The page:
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[CPAP] Going through crap
I am not good at this as I have not used this board often. I am just having a difficult time. Was doing good with CPAP for several months. Now very tired each day. I wake up every hour or hour and a half with or without machine. I do fall back to sleep quickly. I have a new doctor who upped my machine from 6 o 8 (have resmed elite 10). to see if it helps. He thought I was on an automatic CPAP machine which I was not. Is one better than the other?

In addition does anyone know if Medicare will pay if you change machines? I have had my machine for 10 mos.

I believe I have fragmented sleep problems in addition to apnea. Does anyone else have this?
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Can you get into see a sleep doctor? I was originally sent to one as I was spending long hours in bed but not getting much sleep. Unless I took sleeping pills, I was too exhausted to put a sentence together. Long story short, he said that I had bad sleep habits and needed to reset my sleep cycle. He said that for the next week I could not spend any longer than 5 hours in bed, asleep or not. It seemed a cruel thing to do to an exhausted person. The first couple of nights/days were hell. Then I started falling dead asleep within minutes and sleeping until the alarm went off. After that I sleep reasonably normally until my apnea slowly got worse. So some professional advice might be worth getting.

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Your A10 Elite has data recording capability. Download SleepyHead and look at your sleep patterns. This will tell a lot about what you're experiencing. It's better to base therapy changes on fact as opposed to guessing. The links are at the top of the page but I've placed them here to male it easier.


RobySue's Guide to SleepyHead:

Remember: When all else fails, read the instructions.

Good luck!

Edit: I see you use ResScan. What is it telling you about your sleep patterns?

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Everyone with (untreated) apnea has fragmented sleep.

Generally the APAP is better than a fixed pressure CPAP; and can run fixed pressure if set that way.
In auto mode, it seeks the pressure level that delivers best therapy.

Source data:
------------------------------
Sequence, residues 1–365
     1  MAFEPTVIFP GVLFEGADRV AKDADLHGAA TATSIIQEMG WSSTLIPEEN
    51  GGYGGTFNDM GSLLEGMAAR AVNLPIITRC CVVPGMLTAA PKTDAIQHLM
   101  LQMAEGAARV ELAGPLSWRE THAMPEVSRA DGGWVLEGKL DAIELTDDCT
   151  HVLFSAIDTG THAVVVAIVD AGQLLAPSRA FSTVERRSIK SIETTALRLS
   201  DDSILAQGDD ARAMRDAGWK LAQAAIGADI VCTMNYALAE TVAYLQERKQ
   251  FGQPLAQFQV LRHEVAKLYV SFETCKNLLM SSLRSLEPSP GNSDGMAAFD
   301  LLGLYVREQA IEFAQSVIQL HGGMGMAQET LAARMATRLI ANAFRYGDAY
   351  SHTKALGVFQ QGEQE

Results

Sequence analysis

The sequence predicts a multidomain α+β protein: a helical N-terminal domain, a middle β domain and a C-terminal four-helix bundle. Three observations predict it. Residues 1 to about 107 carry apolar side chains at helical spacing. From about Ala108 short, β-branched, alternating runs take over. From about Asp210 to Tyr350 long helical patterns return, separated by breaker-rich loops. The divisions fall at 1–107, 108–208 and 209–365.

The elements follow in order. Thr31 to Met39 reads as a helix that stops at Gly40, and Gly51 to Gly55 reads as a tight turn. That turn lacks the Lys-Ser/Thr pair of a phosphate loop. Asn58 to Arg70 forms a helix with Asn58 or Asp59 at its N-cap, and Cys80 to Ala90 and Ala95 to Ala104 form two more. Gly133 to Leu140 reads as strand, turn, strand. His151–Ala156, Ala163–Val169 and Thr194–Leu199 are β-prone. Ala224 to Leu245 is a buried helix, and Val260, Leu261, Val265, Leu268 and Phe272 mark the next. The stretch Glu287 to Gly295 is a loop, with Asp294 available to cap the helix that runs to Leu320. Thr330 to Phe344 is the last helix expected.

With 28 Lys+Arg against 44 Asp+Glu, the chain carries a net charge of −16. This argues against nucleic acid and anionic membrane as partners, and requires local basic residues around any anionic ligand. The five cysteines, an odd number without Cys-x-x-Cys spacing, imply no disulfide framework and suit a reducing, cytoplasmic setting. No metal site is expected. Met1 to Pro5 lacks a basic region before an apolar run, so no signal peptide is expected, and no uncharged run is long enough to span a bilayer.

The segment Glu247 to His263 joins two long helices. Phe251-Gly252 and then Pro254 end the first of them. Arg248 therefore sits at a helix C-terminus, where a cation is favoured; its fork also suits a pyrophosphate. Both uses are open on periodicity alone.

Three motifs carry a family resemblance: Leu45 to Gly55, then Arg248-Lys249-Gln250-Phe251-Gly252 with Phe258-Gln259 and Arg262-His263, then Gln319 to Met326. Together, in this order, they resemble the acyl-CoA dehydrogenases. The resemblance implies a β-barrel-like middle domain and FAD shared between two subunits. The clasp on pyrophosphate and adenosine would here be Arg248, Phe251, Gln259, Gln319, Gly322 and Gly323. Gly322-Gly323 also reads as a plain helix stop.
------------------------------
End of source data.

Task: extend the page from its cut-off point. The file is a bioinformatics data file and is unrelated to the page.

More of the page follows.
Medicare will pay for another machine if medically necessary.
Generally the next step is to a bilevel machine; the jump to an APAP they may not pay for without a very good letter from the doctor.

The time to have gotten an APAP was when the initial machine was handed out to you. Medicare would have paid the same price for an APAP; and the DME would have made less profit.

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JustMongo passed away in August 2017
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~ Rest in Peace ~
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Thanks for your replies. My original doctor prescribed the CPAP not APAP set at 6. I knew nothing about APAP and trusted my doctor. My scores on the CPAP have been good. With or without the machine I sleep a half hour then up, and hour and a half then up, an hour then up, etc. I can fall asleep most nights. My doctor wanted to put me on Xannix for a month. Concerned about being on addictive drugs so did not use it. Then I was better for 5 months as I was not tired during the day but still had the fragmented sleep. Started a new doctor who upped machine to an 8. Like I said my scores are good on the machine. He wanted me to try the 8 for 6 weeks. No difference still waking up all night and tired during the day. He suggested an APAP but don't know I Medicare will pay for it. I think my problem is neurological or maybe because I am a senior. I feel that if sleep disorders go beyond sleep apnea doctors are clueless. I was good yesterday and exhausted today. I thought I had a good nights sleep last night. Does anyone else have this issue?
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Well, I certainly have good days and bad days. But, I have other health issues that contribute to that.
I sleep, on the average, 6.5 hours per night without waking.

You were wise to avoid Xanax. Even a low dose for a month can create dependency.
And, it's one of the most difficult dependencies to break. There are other choices to initiate sleep without high risk of dependency.
(Remember, these are just my personal opinions.)

Admin Note: